On Tue, Jan 4, 2011 at 6:17 PM, Paul Ivanov <pivanov314@gmail.com> wrote:

Just to add, because it is related, another tool that gives you advanced control over your axes is the AxesGrid toolkit:

http://matplotlib.sourceforge.net/mpl_toolkits/axes_grid/index.html#toolkit-axesgrid-index

However, gridspec should be exactly what you need for this particular problem.

Ben Root

Gf B, on 2011-01-04 12:31, wrote:

> On Mon, Jan 3, 2011 at 3:53 PM, Paul Ivanov <pivanov314@gmail.com> wrote:

> Gf B, on 2011-01-03 15:23, wrote:I think the true grid-of-grids functunality is already

> > > Can such a "grid of grids" be done with matplotlib? If so, could someone

> > > show me how?

> >

> > You'll be able to group the inner grids visually by adjusting the

> > spacing. As far as getting the spines to only outline the outer

> > grid, and not the inner grid - I think you'll have to do it

> > manually by hiding the appropriate spines for the inner subplots.

> >

>

> This sort of ad-hoc manual tweaking is what I was hoping to avoid.

>

> What would it take to implement a "true" grid-of-grids function in

> matplotlib? What I mean by this is a function that can arrange in a grid

> not only plots but also other grids. (Is this a question for the devel

> group?)

implemented. Here's a replication of your Mathematica plots:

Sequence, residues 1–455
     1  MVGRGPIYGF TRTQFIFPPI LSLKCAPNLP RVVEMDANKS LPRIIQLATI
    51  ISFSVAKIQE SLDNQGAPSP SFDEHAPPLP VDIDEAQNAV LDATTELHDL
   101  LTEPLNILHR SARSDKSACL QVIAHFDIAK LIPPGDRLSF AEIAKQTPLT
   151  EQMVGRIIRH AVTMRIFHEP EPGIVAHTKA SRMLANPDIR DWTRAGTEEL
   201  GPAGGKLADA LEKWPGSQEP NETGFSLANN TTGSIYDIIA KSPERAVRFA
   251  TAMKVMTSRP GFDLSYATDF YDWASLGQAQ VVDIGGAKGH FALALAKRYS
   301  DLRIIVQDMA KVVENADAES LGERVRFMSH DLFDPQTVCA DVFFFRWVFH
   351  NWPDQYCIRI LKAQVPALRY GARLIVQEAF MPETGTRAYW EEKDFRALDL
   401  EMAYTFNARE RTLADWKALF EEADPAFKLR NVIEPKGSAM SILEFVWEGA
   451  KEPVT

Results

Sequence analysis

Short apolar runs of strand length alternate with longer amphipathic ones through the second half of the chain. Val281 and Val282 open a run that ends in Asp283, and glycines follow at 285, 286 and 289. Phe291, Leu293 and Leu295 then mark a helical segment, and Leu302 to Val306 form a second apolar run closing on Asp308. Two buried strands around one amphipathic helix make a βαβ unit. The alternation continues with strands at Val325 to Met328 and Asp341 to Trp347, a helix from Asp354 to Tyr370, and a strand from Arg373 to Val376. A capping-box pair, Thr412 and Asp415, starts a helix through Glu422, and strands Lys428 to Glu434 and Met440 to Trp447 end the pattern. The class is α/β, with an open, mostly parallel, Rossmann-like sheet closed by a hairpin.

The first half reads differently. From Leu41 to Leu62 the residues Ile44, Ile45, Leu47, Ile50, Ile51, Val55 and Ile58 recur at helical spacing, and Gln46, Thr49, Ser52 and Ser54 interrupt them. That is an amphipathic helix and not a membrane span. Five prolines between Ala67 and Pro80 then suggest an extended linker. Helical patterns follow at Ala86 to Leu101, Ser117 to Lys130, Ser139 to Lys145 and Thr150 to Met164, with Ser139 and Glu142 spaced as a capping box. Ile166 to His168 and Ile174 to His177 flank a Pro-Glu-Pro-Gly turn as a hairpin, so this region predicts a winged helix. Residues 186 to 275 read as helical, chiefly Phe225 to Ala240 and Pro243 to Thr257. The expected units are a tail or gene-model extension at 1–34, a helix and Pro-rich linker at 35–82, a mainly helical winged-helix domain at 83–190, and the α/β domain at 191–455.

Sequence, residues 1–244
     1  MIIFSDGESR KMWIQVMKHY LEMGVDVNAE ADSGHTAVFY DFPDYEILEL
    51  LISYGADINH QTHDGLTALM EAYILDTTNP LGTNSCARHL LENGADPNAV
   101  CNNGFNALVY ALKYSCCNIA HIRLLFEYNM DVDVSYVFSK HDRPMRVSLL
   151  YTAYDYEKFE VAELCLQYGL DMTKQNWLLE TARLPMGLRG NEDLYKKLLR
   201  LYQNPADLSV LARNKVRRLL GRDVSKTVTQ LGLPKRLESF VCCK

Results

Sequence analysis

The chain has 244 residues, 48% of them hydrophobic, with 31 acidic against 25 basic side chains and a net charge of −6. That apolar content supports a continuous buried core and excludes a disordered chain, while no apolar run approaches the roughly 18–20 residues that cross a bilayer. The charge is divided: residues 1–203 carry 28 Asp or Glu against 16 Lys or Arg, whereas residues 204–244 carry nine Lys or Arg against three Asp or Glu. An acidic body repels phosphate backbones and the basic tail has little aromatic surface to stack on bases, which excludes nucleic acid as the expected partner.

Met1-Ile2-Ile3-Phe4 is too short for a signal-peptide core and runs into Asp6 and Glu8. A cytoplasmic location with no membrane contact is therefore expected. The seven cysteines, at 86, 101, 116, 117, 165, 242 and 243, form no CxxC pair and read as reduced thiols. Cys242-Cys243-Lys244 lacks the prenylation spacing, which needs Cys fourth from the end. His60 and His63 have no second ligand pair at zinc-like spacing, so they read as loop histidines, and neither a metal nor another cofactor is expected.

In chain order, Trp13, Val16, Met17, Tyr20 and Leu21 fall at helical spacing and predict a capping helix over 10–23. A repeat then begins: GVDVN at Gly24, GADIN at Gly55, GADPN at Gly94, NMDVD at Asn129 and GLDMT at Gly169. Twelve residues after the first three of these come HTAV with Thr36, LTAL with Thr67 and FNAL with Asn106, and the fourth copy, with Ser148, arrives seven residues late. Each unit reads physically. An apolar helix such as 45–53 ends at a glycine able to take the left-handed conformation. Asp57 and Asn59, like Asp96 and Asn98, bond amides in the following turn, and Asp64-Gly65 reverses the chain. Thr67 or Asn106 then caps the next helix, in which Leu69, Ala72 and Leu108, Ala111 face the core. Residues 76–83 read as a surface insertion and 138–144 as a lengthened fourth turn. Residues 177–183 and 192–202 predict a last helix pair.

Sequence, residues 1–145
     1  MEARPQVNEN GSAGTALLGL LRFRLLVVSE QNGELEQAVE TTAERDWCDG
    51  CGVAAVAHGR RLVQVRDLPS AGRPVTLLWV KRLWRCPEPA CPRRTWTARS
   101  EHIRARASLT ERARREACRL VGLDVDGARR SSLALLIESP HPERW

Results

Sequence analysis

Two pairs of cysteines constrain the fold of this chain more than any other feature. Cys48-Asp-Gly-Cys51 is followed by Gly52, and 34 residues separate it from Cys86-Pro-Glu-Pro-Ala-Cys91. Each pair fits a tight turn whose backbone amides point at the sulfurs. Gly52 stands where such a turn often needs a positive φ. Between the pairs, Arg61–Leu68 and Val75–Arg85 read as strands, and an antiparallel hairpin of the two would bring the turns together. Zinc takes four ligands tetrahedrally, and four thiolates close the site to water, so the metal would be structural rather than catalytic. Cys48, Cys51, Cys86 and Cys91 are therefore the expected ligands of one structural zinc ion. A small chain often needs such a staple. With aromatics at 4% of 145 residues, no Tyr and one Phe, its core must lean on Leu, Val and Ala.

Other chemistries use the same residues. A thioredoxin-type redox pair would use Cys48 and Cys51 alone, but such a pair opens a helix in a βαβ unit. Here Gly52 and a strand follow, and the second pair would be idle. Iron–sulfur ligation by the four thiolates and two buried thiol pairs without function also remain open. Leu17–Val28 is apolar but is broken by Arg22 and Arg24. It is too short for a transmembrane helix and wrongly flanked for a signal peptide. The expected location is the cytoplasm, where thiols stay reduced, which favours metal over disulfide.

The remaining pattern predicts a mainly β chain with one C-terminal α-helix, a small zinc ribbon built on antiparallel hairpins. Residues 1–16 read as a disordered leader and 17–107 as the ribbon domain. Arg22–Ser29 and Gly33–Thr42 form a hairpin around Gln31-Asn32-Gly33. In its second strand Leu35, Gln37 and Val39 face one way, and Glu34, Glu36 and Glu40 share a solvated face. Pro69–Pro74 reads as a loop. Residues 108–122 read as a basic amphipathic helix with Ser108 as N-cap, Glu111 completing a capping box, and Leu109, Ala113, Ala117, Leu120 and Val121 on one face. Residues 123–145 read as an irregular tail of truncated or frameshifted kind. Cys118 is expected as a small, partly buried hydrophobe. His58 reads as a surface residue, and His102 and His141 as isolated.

------------

import numpy as np

import matplotlib.pyplot as pltimport matplotlib.gridspec as gridspec

from itertools import product

def squiggle_xy(a, b, c, d, i=np.linspace(0.0, 2*np.pi, 200)):

return np.sin(i*a)*np.cos(i*b), np.sin(i*c)*np.cos(i*d)

f = plt.figure(figsize=(8, 8))

# gridspec inside gridspec

outer_grid = gridspec.GridSpec(4, 4, wspace=0.0, hspace=0.0)

for i in xrange(16):

inner_grid = gridspec.GridSpecFromSubplotSpec(3, 3,

subplot_spec=outer_grid[i], wspace=0.0, hspace=0.0)

a, b = int(i/4)+1,i%4+1

for j, (c, d) in enumerate(product(range(1, 4), repeat=2)):ax = plt.Subplot(f, inner_grid[j])

ax.plot(*squiggle_xy(a, b, c, d))

ax.set_xticks([])f.add_subplot(ax)

ax.set_yticks([])

all_axes = f.get_axes()

#show only the outside spines

for ax in all_axes:

for sp in ax.spines.values():

sp.set_visible(False)

if ax.is_first_row():

ax.spines['top'].set_visible(True)

if ax.is_last_row():

ax.spines['bottom'].set_visible(True)

if ax.is_first_col():

ax.spines['left'].set_visible(True)

if ax.is_last_col():

ax.spines['right'].set_visible(True)

plt.show()

------------

It's a matter of taste, but I think you can get away hiding all

spines, and just setting the hspace and wspace for the outer_grid

to some small value (this is what I meant by 'adjusting the

spacing').

I'll send a patch to the devel list shortly adding this example

with the following documentation

A Complex Nested GridSpec using SubplotSpec

===========================================

Here's a more sophisticated example of nested gridspect where we put

a box around outer 4x4 grid, by hiding appropriate spines in each of the

inner 3x3 grids.

it'll be placed on the gridspec page, after this section:

best,

--

Paul Ivanov

314 address only used for lists, off-list direct email at:

http://pirsquared.org | GPG/PGP key id: 0x0F3E28F7

Just to add, because it is related, another tool that gives you advanced control over your axes is the AxesGrid toolkit:

http://matplotlib.sourceforge.net/mpl_toolkits/axes_grid/index.html#toolkit-axesgrid-index

However, gridspec should be exactly what you need for this particular problem.

Ben Root